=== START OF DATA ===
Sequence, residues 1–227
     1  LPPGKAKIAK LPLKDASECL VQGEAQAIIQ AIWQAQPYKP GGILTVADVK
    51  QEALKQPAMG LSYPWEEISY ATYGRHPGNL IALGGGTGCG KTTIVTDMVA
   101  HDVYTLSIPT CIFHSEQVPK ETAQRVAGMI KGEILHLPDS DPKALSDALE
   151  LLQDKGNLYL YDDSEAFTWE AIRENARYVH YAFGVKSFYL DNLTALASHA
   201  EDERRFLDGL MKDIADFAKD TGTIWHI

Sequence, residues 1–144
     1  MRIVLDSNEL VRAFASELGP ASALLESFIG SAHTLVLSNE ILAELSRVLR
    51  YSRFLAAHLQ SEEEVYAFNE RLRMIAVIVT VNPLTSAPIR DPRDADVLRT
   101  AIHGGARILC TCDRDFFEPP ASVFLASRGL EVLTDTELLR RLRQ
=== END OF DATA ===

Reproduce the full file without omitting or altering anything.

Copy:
Sequence, residues 1–227
     1  LPPGKAKIAK LPLKDASECL VQGEAQAIIQ AIWQAQPYKP GGILTVADVK
    51  QEALKQPAMG LSYPWEEISY ATYGRHPGNL IALGGGTGCG KTTIVTDMVA
   101  HDVYTLSIPT CIFHSEQVPK ETAQRVAGMI KGEILHLPDS DPKALSDALE
   151  LLQDKGNLYL YDDSEAFTWE AIRENARYVH YAFGVKSFYL DNLTALASHA
   201  EDERRFLDGL MKDIADFAKD TGTIWHI

Sequence, residues 1–144
     1  MRIVLDSNEL VRAFASELGP ASALLESFIG SAHTLVLSNE ILAELSRVLR
    51  YSRFLAAHLQ SEEEVYAFNE RLRMIAVIVT VNPLTSAPIR DPRDADVLRT
   101  AIHGGARILC TCDRDFFEPP ASVFLASRGL EVLTDTELLR RLRQ